When I asked my students to contribute to this email, one of our student leaders, Nico Dominguez, wanted to express his appreciation and his words follow:

After all that has happened in regards to the loss of Mexican American Studies, there are many moments in time that are able to lift my spirits back up. I will definitely say that seeing/experiencing out of Tucson, support for our movement (classes) is a great way of lifting up my spirit. I remember the first time I experienced out of Tucson support for our classes. Seeing different people speak and perform passionately about our classes was a great experience the day of the teach-in at the Casino Ballroom on January 24th. I had not experienced any of that previous to the teach-in. It was definitely an experience that I will carry with myself from here on.

Since that day, there has been a massive amount of support which is overwhelming. Students from all over the country have done something for M.A.S., including Oakland, Chicago, Northridge, New York, and on. All of these experiences I take to my heart. The feelings that I get when I remember all of these people who have in some way involved us into their lives is overwhelming and just a true sign of the humanity that exists. As these experiences continue, I am reminded of the vastness of the world that I live in and that I must learn to live in harmony with it.

--Nicolas Dominguez
Nico's words help me stay strong and remind me why we continue to fight for our students' rights to study their own history, literature and culture and we will never give up!

In that spirit, I would ask you all to send more love our way as our lawsuit moves forward to repeal this hateful law. There are big court dates ahead and you can stay apprised of the latest news through Save Ethnic Studies where you can also donate to our legal effort.

Next week the Librotraficante Caravan will depart from Houston for Tucson with "Banned Books" to be distributed in San Antonio, Albuquerque and Tucson. Chicano writers and supporters will be hosting workshops, performances, and readings. Please checkout their website for more details.

In the next few weeks I will have a major announcement about a television appearance about our issue, but I'm still sworn to secrecy. Stay tuned for that one.

Lastly, a 50 minute version of Precious Knowledge will be shown on the national PBS show Independent Lens on May 17th. We are hoping to coordinate a national event for that night so I will write more as those details become clearer.

Again, thank you to everyone and we are hopeful of better news and better days ahead. You all have helped our optimism and belief that justice will prevail.

In Lak Ech,

Curtis Acosta

Editor: The film, ”Precious Knowledge,” that Mr. Acosta refers to above will be shown at Western Washington University sometime in April.   We will announce the date and time later.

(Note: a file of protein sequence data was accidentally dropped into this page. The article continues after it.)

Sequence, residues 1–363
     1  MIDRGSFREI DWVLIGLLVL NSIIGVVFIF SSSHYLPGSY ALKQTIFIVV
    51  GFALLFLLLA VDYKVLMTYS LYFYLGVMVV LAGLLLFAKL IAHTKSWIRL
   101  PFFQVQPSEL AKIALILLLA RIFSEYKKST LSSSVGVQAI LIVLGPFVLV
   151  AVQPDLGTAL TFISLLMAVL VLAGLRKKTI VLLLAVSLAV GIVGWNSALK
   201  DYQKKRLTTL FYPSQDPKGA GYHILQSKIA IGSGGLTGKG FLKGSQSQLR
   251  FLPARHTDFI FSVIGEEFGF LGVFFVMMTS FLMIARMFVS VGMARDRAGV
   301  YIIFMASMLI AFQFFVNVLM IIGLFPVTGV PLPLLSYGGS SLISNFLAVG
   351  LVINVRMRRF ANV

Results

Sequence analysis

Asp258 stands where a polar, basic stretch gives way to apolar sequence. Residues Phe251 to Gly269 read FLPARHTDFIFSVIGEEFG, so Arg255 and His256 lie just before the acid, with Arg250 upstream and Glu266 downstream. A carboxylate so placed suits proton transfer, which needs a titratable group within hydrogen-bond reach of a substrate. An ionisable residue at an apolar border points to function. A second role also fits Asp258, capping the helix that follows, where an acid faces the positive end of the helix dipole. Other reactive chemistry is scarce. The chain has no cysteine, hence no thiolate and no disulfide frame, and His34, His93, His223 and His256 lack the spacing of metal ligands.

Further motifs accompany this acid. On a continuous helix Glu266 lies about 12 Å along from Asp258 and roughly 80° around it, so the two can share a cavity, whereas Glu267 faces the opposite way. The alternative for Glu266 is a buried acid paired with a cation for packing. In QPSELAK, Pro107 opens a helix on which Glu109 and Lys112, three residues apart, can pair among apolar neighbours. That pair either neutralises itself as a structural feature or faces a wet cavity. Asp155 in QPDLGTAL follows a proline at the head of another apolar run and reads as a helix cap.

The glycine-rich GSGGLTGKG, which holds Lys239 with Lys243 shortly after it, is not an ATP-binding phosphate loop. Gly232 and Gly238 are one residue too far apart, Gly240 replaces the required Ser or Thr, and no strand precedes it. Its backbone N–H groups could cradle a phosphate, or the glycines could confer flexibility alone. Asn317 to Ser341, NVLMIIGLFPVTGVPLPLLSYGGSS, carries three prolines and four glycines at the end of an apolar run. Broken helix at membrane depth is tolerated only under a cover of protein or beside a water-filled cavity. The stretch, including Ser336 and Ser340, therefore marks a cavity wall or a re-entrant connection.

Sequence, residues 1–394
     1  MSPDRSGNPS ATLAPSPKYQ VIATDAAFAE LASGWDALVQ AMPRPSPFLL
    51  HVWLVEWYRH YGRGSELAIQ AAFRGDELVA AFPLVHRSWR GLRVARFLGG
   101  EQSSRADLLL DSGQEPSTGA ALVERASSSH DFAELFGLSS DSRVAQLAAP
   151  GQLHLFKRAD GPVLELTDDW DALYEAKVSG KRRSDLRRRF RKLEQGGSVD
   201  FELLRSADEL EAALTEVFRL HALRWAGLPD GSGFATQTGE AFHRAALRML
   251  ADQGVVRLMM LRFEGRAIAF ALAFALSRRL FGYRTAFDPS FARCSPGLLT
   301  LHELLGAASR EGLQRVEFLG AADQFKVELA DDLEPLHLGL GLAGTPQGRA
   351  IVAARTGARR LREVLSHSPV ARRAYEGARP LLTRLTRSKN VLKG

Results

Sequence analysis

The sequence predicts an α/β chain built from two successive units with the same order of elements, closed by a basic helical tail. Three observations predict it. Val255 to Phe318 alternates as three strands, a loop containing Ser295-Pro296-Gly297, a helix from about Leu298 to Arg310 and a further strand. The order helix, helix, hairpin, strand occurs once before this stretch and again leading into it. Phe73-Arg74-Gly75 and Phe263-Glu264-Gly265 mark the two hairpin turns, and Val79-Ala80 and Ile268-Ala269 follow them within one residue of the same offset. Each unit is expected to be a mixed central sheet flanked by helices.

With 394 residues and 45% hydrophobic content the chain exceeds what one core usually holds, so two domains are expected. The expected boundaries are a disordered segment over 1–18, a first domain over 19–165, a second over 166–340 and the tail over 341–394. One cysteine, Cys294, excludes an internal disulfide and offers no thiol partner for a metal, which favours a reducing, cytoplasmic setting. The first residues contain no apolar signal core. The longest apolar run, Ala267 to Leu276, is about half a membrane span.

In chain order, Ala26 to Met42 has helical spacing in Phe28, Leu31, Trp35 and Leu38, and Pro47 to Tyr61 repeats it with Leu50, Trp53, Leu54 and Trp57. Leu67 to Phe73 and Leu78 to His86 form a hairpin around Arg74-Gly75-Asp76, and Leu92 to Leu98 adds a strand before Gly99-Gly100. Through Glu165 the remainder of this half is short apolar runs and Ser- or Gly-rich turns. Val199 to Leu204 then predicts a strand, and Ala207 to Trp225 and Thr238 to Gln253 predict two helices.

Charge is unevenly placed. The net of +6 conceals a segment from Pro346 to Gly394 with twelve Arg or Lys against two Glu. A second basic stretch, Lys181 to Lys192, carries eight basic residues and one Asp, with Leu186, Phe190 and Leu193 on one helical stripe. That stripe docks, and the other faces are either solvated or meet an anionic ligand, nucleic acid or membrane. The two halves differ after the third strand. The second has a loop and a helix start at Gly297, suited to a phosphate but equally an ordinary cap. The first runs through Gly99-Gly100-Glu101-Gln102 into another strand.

Sunday, March 11, 2012

Diane Ravitch's Report Card Flunks Secretary of Education Arne Duncan

In an article in the March 7th issue of The New York Review of Books, Diane Ravitch critiques Arne Duncan’s performance as our Secretary of Education. See “Flunking Arne Duncan.” Her grades on his report card in six categories are:

Report Card: Arne Duncan

Fidelity to the Constitution                 F

Doing what’s right for children             F

Doing what’s right for public education F

Respecting the limits of federalism      F

Doing what’s right for teachers            F

Doing what’s right for education          F
But the greatest tragedy of our times, writes Ravitch, is that "it is hard to find any leader of either party who stands forthrightly today as a champion of students, teachers, public schools, and good education."

Reflecting on our times, she writes:
We will someday view this era as one in which the nation turned its back on its public schools, its children, and its educators. We will wonder why so many journalists and policymakers rejected the nation’s obligation to support public education as a social responsibility and accepted the unrealistic, unsustainable promises of entrepreneurs and billionaires. And we will, with sorrow and regret, think of this as an era when an obsession with testing and data obliterated any concept or definition of good education. Some perhaps may recall this as a time when the nation forgot that education has a greater purpose than preparing our children to compete in the global economy.
For a review of Diane Ravitch's recent book, The Death and Life of the Great American School System: How Testing and Choice are Undermining Education, read Chris Ohana's review in our current issue of the Journal of Educational Controversy.

Saturday, March 3, 2012


Our friends over at Publicola have recently been hosting a rousing debate between big bucks Democrat Nick Hanauer and WEA President Mary Lindquist on teachers’ unions and K-12 schools. Here at the blog, we have a hard time resisting sticking our nose into issues we don’t know much about, so we decided to join the fun with our own open letter to Mr. Hanauer: